Cost of transportation
The cost of transportation to Mars is an essential metric in analysing a martian settlement. It affects both the economic viability of a martian settlement and its rate of expansion. It also determines what is more effective to produce in-situ and what can be transported economically from Earth.
Aspect of finance
Frontier settlements are capital investments from which investors expect some utility. Rarely small amounts are donated to altruistic causes (e.g. expanding humanity). Governments invest small sums in science and larger sums in national security. Most commonly, investors demand a profitable return from their investments. The sooner a colony becomes financially self-sufficient, the less investment is required, and thus the sooner an investment is likely to be made in the first place. Since radical elimination of all imports is probably impossible in the short run (see above), a colony is much more likely to be financed if it can generate exports that match or exceed the costs of imports. Since imports are costly, the exports must be valuable. They must also be affordably transportable to Earth: high value and low mass.
Initial Capital Investments
The colony requires equipment sufficient equipment to sustain agriculture to feed and clothe the personnel, to generate exports sufficient to pay for imports, and to make at least the heavy replacement parts for the equipment itself. The colony should also preferably grow from an early capital investment rather than continuing to require massive equipment transports from earth in order to expand operations.
Treating the colony as a single financial entity, its ongoing expenditures will be equal to the cost of ongoing imports.
Treating the colony as a single financial entity, its ongoing revenues will be equal to the ongoing proceeds from exports. Profits in a given period will be equal to revenues minus expenditures in that period. In the single financial entity model the profit of the colony in a period thus equals proceeds from exports minus the cost of imports during that period.
Net Present Value (NPV) and Internal Rate of Return (IRR) of Investments
Given a series of cash flows, for example annual expenditures and revenues over a period of thirty years, and an interest rate, the NPV function computes the net present value of these cash flows at the start of the series. It is in other words the net present value of profits to be expected by the investors. NPV should exceed the initial capital investment (or alternatively, if capital investments are counted as cash flows, NPV should be positive).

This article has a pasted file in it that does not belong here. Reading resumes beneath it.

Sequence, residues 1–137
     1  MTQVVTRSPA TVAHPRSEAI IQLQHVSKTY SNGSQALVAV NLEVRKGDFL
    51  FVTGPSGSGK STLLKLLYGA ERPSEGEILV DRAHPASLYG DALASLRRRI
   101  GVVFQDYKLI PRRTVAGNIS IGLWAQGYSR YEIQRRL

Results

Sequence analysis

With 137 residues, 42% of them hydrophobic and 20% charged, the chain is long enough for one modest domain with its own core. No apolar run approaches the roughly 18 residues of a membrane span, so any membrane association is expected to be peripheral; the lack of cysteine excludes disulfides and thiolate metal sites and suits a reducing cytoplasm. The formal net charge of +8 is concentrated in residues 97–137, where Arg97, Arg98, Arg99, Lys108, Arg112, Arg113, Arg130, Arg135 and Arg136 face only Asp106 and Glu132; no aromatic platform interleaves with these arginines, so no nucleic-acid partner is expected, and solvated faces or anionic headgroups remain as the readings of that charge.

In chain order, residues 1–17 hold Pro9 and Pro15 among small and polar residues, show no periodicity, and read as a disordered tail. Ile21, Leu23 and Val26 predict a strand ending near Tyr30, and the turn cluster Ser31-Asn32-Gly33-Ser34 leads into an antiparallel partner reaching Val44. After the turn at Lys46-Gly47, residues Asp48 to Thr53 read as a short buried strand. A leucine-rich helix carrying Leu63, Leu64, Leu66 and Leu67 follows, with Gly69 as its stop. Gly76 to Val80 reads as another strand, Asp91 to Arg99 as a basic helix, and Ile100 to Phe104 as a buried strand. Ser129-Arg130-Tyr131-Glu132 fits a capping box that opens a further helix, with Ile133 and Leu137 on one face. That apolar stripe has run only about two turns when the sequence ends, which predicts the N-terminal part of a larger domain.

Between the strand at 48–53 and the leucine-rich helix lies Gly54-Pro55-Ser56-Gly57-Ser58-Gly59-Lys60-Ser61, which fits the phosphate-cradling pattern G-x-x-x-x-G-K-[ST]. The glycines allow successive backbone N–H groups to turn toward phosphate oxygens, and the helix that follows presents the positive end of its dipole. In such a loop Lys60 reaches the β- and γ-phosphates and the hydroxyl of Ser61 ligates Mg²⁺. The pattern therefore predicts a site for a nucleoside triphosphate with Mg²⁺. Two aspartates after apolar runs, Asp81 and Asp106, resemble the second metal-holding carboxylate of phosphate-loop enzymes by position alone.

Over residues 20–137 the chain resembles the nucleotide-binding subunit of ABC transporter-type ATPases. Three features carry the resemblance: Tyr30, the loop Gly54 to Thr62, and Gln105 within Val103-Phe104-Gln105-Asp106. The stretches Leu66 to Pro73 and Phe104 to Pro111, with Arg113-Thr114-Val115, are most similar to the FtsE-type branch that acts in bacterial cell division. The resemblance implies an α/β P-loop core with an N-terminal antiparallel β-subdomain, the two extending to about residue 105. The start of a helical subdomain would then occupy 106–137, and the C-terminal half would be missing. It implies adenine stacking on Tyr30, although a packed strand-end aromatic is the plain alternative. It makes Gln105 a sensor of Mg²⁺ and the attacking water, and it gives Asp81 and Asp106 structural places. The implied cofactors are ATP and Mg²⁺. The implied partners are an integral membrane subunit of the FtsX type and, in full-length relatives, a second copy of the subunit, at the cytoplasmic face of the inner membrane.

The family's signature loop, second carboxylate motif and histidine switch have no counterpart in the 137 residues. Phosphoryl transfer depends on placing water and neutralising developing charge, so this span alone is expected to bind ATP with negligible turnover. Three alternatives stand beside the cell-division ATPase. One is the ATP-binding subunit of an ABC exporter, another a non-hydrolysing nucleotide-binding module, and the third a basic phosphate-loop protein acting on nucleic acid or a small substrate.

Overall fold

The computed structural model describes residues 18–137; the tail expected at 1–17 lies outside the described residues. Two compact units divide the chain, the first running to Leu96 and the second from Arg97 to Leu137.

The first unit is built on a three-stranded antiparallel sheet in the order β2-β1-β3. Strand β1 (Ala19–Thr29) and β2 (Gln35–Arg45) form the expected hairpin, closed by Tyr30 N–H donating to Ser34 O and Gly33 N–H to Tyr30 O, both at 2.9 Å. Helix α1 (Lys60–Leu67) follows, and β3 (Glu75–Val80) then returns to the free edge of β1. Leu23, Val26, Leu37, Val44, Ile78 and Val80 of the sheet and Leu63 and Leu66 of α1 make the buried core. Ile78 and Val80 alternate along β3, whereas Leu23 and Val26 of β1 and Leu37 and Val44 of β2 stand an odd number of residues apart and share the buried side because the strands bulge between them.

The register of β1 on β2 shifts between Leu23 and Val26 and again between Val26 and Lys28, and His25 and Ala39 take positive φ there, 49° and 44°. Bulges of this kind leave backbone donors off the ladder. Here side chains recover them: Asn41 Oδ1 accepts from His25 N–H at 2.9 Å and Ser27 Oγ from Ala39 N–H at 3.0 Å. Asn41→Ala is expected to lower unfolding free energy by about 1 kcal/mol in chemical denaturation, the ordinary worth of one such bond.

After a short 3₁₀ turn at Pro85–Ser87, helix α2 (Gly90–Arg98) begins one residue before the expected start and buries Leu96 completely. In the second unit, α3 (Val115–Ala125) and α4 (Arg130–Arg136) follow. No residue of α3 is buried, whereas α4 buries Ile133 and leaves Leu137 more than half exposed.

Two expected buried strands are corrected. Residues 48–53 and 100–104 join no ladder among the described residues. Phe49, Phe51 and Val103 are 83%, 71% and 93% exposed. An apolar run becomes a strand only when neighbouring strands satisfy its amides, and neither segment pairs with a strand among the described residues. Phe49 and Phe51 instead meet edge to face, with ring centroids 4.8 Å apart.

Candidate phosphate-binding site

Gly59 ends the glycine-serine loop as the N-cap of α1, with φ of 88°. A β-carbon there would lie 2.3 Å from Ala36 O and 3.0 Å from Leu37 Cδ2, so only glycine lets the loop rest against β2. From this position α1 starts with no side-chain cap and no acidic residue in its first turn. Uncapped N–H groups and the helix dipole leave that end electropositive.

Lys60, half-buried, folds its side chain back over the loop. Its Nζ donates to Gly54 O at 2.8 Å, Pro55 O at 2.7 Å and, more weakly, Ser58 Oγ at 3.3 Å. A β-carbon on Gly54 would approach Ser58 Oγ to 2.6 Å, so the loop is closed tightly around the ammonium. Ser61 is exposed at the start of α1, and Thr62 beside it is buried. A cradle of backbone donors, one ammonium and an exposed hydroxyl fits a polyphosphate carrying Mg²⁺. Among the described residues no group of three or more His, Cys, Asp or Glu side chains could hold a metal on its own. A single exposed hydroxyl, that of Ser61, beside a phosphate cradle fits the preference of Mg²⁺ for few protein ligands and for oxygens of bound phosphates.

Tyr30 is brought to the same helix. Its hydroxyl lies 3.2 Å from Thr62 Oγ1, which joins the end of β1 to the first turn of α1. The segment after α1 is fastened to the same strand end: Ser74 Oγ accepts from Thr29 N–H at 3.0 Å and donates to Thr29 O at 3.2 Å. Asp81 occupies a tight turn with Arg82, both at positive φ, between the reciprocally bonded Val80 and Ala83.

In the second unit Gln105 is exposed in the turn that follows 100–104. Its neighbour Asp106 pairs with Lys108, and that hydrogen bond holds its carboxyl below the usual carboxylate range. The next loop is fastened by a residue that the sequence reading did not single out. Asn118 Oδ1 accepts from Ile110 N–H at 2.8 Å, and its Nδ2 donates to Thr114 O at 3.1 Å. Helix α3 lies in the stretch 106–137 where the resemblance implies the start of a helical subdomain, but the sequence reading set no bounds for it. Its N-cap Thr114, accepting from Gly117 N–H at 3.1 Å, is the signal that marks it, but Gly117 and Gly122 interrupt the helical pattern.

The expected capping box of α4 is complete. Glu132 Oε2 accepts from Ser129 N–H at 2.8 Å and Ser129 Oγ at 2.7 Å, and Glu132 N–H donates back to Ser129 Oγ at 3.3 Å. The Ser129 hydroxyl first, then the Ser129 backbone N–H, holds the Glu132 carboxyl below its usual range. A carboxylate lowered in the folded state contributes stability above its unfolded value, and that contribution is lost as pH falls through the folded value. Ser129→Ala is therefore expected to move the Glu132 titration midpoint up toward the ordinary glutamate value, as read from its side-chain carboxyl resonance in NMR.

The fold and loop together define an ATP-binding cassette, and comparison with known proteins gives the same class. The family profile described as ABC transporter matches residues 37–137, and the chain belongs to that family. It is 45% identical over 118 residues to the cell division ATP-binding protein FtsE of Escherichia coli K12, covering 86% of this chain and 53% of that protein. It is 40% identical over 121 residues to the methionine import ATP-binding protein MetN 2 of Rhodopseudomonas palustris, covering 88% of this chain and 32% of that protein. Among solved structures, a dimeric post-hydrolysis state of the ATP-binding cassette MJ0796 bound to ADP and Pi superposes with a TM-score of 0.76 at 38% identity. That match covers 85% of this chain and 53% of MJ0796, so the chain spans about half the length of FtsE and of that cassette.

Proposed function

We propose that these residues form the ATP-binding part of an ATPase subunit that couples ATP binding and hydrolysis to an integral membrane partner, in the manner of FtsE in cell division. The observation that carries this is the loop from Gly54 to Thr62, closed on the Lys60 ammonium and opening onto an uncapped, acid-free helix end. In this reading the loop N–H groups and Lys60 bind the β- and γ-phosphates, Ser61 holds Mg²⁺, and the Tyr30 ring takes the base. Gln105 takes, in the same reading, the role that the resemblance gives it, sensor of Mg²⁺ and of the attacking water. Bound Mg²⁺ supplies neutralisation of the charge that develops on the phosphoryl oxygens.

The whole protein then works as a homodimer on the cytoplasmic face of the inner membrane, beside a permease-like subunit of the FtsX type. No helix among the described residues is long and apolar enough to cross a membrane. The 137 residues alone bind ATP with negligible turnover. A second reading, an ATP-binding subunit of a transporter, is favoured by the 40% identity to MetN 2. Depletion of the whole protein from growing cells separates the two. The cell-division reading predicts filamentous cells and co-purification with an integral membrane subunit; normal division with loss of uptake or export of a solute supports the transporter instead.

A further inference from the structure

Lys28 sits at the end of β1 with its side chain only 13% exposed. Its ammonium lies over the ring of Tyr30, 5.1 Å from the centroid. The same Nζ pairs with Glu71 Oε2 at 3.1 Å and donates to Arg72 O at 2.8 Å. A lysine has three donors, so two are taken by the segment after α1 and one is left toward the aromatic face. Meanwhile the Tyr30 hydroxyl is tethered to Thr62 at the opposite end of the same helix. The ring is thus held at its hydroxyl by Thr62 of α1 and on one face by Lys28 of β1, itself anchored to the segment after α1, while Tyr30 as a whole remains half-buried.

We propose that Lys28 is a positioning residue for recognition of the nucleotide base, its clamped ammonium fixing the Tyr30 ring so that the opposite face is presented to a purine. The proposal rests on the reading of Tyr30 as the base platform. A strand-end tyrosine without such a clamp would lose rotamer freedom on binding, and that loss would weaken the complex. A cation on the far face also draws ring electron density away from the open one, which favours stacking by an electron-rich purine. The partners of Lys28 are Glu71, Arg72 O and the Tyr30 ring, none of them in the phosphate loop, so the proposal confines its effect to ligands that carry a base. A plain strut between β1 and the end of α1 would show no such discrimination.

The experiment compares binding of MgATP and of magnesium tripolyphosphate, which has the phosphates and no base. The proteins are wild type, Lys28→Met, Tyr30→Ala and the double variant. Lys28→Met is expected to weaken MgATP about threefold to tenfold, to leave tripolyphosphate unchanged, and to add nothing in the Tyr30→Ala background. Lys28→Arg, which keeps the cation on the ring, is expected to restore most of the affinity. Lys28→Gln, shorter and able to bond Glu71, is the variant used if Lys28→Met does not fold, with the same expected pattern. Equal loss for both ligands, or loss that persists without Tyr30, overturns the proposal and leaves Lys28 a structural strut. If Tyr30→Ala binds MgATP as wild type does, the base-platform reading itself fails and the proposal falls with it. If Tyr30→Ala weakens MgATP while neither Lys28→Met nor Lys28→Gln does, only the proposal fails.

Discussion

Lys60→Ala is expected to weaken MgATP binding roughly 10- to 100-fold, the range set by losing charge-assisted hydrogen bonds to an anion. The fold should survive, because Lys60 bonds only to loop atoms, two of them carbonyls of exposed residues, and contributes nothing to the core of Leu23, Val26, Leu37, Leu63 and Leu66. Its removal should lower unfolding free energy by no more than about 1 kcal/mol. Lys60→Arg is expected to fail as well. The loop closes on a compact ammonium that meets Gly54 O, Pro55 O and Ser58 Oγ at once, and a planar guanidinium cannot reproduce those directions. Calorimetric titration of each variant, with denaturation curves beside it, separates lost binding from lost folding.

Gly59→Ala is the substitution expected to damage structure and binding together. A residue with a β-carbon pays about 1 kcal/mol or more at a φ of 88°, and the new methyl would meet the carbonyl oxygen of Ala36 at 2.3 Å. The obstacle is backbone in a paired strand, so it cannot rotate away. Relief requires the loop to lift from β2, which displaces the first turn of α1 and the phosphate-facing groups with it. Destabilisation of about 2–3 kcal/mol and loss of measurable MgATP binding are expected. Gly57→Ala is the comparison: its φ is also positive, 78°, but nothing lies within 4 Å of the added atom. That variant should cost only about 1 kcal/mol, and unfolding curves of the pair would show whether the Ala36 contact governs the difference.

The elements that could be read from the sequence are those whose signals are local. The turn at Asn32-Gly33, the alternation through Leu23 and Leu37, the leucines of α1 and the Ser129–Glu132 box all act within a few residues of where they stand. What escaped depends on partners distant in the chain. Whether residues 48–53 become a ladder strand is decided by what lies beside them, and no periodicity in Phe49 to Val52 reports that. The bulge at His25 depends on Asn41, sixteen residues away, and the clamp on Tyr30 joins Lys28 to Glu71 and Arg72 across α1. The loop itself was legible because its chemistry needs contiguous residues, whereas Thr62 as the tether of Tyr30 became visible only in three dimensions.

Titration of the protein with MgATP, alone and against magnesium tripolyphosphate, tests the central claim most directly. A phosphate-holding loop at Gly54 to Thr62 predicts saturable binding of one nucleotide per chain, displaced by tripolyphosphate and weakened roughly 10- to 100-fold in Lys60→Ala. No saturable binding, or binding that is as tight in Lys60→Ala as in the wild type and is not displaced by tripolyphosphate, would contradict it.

In NPV analysis risk is represented by increasing the interest rate (the "risk premium"). If risk is not fairly evenly distributed over time NPV is less accurate and real options analysis is required for both for accuracy and for designing better strategies. However for most purposes NPV is fine, and it's also easier (you can use a spreadsheet, whereas real options analysis requires more sophisticated software).
In the model treating the colony as a single financial entity, the cash flows in a period are just the proceeds from exports (positive) and the costs of imports (negative) in that period. The net present value of the ongoing exports and imports should exceed the initial investment given an interest rate that includes a risk premium reflecting the risks of the financial failure of the colony.
The internal rate of return (IRR) of an investment gives us the rate of return as an output instead of the interest rate as an input. The initial capital investment is treated as a cash flow in the first period(s).
For more information, see your spreadsheet's help pages for "NPV", "IRR", and related functions.
Golden Mars scenario
We need concrete strategic and financial scenarios to work with. Since colonizing Mars is currently far from economically viable, we have to make some hypothetical, but plausible, assumptions, in order to develop scenarios that are financially and otherwise strategically viable. Here is one, the Golden Mars scenario:
(1) The same geological processes that formed gold ores on Earth once operated on Mars and have left there concentrations of gold on its surface not seen by humans since they first started finding the easy pieces on Earth c. 4000 BC. In particular, 1,000 kg of equipment on the Martian surface can find and ship to the Mars spaceport 10 kg of gold nuggets and flakes per year. Some technological goals to strive for: 10,000 kg of imported equipment (or 100,000 kg of native equipment, because these would be the bulkier parts) requires one person to operate and maintain it, and that person requires another 10,000 kg of equipment to support him. Some of aforementioned equipment should be made on Mars if that increases the economic return, which requires further labor, otherwise it should be imported.
(2) Because of the development of ISRU-based propellants, the costs of transport from Earth have been reduced by two orders of magnitude (to $2,000/kg) and the costs of transport from Mars surface to Earth surface are $1,000/kg.
(3) Plausible assumptions can be made about making things from Martian raw materials, as long as every part (use parts lists) and every material can be accounted for all the way back to through the supply chain (really supply tree, it keeps branching at every step) to Martian mines.
(4) The price of gold on Earth is about the same as today: $1,100/oz. * 1/28 oz/g * 1,000 g/kg = $39,000/kg. The market for gold production on Earth is about $100 billion/year, and the above-ground inventories are in the trillions of dollars, so you can produce at least $50 billion/year worth of gold before you start saturating the market and the price drops. (To be more precise about this, look up research on the supply/demand curve for gold, I'm sure economists must have researched this many times).
Can you design this Mars colony to be profitable, and thus attract investors?
Make vs. Import Tradeoffs
Initial Capital Investments
Net Present Value of Investments
- The Human Mission to Mars — Colonizing the Red Planet (The Greatest Adventure in the History of Humanity Edited by Joel S. Levine, Ph.D., NASA, Co-Chair, Human Exploration of Mars Science Analysis Group (HEM-SAG) of the Mars Exploration Program Analysis Group (MEPAG).; Rudy Schild, Ph.D., Center for Astrophysics, Harvard-Smithsonian In Association and Collaboration with the Mars Society